Blog Entries by Joseph Murphy, Executive Vice President, ByAllAccounts

Do You Have What “Baby Boomer” Investors Are Looking For?

By Joseph Murphy, Executive Vice President, ByAllAccounts on Tuesday, November 22nd, 2011

As the conversation around Baby Boomers (born 1946-1964) develops, it’s important to note that a Baby Boomer turns 50 every 8.5 seconds, and there are now 77.6 million of us. Clearly, the number of Boomers who are looking at retirement is on the rise—and any discussion of their retirement goals and methods takes on added urgency.

Specifically, I’d like to take this opportunity to talk about meeting the needs of Baby Boomers who still have some time until retirement (i.e. 46 – 55 yrs old) and are still very much in the accumulation stage of their financial lifecycle. As they look to transition to the Distribution phase, many will look for a new advisor. Or, if they elect to stay with their current advisor, they may be looking for an expanded or modified set of services to meet their new needs. Either way, whether you’re trying to attract new Baby Boomer investors or retain the ones you already have, there are several points to keep in mind:

1.) Complexity is the name of the game with older investors

At this stage of life, your investors have many commitments, and they may have a complex set of circumstances and needs. It goes with the territory of having lived longer life and made more obligations than their younger counterparts. It’s important to recognize that, by definition, serving these clients will be more complex than serving Gen X or Gen Y or some other demographic group.

That can necessitate a team effort when undertaking investment planning and management. As the lead advisor, you quarterback a larger team that provides services according to its areas of specialty. It’s essential that you communicate with clients that there is a coordinated plan to help them meet their investment and retirement objectives—with a leader providing direction and oversight, and key players providing the vital services and expertise that serve as the nuts and bolts of the initiative.

2.) Provide the key services that can be categorized as “Financial Management 101”

This involves ensuring the daily cash flow and engaging in the day-to-day planning that enables your Baby Boomer clients to run their lives. It’s “what they’re really looking for,” and may include:

  • Planning for living expenses for clothing, food and shelter (yes, even High Net Worth clients need to plan and make choices in these areas)

  • Caring for pre-college children, college-age children, graduated post-college kids who are living back at home 

  • Meeting insurance requirements (includes basic medical, life insurance, and all of the variants of these products) 

  • Accumulating retirement savings (or making plans for retirement that take into account a lack of savings)

  • Ensuring that Wills, Trusts and after-life planning are taken care of, and incorporating them into the financial planning  and allocation process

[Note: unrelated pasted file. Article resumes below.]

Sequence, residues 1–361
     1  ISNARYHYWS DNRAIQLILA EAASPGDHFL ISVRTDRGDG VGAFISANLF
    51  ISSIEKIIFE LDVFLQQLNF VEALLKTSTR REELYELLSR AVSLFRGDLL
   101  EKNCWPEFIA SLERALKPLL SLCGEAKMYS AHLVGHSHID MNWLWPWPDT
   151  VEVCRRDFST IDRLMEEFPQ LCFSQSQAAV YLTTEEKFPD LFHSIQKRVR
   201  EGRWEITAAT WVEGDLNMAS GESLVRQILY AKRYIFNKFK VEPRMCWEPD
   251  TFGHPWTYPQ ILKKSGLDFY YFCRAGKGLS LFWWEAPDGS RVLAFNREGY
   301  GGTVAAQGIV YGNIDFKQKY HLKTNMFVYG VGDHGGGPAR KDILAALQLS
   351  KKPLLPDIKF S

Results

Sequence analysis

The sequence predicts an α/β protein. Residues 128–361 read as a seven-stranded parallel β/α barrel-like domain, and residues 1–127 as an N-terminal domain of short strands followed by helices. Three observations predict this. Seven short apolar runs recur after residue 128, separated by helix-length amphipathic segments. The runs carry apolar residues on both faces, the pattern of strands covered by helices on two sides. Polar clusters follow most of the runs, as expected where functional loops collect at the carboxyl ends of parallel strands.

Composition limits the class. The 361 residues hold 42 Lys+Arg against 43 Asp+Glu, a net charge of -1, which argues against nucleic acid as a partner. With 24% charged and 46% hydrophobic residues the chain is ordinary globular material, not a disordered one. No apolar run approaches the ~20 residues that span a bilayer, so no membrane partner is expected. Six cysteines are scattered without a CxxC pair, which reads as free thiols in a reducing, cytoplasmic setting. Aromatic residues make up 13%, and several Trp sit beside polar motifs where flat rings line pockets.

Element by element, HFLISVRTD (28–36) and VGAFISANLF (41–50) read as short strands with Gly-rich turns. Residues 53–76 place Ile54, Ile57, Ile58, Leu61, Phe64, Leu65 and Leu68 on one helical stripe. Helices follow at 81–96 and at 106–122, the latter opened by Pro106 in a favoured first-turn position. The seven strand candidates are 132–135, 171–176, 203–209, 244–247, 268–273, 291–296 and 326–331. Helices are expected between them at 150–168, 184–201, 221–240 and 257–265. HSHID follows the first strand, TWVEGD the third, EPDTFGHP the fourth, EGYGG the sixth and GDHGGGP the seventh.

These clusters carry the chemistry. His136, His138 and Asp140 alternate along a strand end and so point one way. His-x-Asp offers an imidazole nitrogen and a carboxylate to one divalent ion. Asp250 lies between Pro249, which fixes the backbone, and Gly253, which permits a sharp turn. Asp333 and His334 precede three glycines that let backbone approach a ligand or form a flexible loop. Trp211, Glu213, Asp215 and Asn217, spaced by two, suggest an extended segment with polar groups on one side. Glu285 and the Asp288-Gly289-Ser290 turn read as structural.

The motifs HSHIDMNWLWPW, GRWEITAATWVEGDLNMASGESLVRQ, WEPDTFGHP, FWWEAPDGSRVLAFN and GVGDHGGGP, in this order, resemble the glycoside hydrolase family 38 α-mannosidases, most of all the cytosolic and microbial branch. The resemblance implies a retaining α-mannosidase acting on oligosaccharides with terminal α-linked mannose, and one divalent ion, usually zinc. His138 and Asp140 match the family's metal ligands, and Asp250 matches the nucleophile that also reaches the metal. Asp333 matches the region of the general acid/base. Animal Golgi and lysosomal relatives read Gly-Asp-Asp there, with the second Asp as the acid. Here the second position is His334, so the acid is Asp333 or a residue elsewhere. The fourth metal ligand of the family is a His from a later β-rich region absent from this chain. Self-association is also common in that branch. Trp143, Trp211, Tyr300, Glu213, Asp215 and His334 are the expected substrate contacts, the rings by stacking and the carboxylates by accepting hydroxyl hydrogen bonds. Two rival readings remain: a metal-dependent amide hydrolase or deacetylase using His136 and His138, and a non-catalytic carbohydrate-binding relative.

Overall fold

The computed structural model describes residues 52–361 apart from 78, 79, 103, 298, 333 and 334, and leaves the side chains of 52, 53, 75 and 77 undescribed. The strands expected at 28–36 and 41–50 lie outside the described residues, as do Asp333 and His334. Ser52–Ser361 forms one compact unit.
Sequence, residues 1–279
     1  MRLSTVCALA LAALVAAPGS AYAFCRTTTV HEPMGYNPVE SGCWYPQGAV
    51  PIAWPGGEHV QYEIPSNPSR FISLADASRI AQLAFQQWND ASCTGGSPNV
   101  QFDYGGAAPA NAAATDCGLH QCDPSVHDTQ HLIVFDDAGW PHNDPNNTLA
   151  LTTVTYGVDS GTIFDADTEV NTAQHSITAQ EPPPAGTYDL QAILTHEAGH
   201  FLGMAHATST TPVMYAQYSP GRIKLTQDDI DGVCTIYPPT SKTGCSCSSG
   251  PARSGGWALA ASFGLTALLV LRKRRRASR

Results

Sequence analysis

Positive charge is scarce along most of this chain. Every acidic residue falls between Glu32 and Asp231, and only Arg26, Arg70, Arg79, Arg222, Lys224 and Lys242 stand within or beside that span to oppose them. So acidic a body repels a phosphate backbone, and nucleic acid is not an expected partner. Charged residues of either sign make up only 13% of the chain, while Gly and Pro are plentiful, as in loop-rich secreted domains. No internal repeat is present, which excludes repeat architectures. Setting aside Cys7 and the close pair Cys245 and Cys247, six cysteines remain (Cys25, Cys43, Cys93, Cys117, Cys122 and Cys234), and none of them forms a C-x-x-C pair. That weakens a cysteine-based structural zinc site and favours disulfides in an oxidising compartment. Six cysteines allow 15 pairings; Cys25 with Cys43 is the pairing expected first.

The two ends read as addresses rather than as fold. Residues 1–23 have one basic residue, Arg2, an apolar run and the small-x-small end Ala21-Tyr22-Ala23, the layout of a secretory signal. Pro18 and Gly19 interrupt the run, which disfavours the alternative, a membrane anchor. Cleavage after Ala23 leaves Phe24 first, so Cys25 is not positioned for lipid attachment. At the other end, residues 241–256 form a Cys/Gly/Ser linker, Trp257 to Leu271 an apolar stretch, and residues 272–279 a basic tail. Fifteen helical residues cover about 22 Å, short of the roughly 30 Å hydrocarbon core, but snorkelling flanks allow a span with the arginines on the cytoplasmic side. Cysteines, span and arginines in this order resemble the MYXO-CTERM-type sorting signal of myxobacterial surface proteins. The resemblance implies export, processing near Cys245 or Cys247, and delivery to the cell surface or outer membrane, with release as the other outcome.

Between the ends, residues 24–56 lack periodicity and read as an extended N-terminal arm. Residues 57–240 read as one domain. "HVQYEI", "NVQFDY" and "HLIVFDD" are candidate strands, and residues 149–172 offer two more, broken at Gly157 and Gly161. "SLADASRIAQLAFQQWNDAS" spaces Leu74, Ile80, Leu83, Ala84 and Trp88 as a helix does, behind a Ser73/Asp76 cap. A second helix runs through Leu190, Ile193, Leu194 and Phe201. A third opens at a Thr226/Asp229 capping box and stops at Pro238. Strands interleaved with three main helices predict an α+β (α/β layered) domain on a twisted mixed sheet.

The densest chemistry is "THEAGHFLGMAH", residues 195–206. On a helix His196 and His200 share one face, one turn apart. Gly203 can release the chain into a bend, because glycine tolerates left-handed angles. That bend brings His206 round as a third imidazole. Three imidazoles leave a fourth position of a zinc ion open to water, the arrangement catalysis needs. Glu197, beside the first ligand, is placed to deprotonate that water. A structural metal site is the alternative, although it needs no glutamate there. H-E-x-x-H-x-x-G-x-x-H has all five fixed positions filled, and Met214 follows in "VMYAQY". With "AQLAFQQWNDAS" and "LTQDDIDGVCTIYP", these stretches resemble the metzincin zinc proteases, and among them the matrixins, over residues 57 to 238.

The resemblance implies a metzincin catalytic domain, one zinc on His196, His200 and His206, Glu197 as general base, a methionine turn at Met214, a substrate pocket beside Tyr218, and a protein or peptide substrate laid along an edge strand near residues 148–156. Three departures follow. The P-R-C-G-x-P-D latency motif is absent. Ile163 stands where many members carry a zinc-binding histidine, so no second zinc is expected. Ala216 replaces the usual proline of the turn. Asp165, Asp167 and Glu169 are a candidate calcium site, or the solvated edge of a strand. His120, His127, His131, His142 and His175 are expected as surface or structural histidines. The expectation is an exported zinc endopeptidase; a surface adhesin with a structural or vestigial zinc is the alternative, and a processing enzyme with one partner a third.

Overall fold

3.) Extend your services to cover special situations that you don’t see every day, but that can be pivotal

Do your prospective and current Baby Boomer clients have special circumstances? Adapt your services to the financial requirements of these challenges, such as:

  • Meeting the needs of parents who live with them and/or depend on them for some form of financial support

  • Caring for special needs dependents, which can be a very costly obligation in terms of money, personal time and commitment (Life Planning is vital here, or your clients could spend their life savings in this one category and have nothing left for themselves)

  • Caring for a sick spouse who has medical burden or condition that restricts their ability to generate income,  and draws from existing resources

  • Financing the care of a sick dependent who may have medical challenges

  • Meeting the obligations incurred through previous marriages

  • Paying off debt from a business that serves as the basis for all or most of their net worth 

4.) Adapt your data requirements to each of the tasks cited here

In carrying out the tasks that have been listed here, there’s something important to consider: Your data.

More to the point, as the lives of your Baby Boomer clients become more complex, so does the speed with which financial data needs to be transmitted, and so, too, does the possibility increase that it’s watered down. To describe this phenomenon, I have heard the expression “data exhaust,” which comes to us from the high tech world where IT systems are feeding data to corporate decision-makers. The expression leads us to an interesting analogy: we don’t want to breathe in too much exhaust; rather, we want clean, streamlined, purified information which can be turned into clear plans of actions in our planning discussion.

The question arises: Why expose your Baby Boomer clients and yourself and your colleagues to data exhaust, when instead you can access “good” data that’s not only high in quality, but also extends of all areas of the investment arena, including held away accounts?

Or to put it another way: If you’re a Baby Boomer client who’s selecting the right advisor, would you rather speak to the advisor who sees the whole landscape and can help you based on the entirety of your portfolio, or the advisor who is content to only do the portion of the plan where he maximizes his or her income?

Hmmm….I know who I would want to speak to—hands down.  

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